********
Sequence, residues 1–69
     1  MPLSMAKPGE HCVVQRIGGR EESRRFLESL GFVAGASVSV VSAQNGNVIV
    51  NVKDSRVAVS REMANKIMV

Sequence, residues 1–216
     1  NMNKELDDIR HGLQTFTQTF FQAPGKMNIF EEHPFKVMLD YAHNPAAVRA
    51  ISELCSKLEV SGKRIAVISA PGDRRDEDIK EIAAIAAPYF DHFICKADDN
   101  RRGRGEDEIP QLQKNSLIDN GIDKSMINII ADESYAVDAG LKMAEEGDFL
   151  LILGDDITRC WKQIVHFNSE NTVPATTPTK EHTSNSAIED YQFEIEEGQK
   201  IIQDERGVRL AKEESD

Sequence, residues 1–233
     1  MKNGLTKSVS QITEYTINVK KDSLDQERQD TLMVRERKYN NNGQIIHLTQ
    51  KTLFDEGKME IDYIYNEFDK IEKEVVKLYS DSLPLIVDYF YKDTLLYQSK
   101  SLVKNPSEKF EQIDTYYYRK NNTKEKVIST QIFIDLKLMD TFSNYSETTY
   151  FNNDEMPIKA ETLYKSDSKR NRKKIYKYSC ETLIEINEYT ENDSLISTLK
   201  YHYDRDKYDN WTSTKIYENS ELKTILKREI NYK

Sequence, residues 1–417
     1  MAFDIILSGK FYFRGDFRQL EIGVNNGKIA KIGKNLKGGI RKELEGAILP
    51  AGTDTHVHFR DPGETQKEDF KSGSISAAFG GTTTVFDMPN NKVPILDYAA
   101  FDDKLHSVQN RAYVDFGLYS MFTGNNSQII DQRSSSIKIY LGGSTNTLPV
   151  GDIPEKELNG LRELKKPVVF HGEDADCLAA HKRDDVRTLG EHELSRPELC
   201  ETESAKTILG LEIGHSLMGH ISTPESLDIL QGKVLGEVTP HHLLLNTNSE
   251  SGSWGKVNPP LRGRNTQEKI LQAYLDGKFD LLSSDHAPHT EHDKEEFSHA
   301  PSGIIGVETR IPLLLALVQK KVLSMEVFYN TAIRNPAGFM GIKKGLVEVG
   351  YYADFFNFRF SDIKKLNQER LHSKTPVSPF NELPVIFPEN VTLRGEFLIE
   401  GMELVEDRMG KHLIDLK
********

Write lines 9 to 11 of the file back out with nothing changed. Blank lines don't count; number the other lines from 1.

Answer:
   201  IIQDERGVRL AKEESD

Sequence, residues 1–233
     1  MKNGLTKSVS QITEYTINVK KDSLDQERQD TLMVRERKYN NNGQIIHLTQ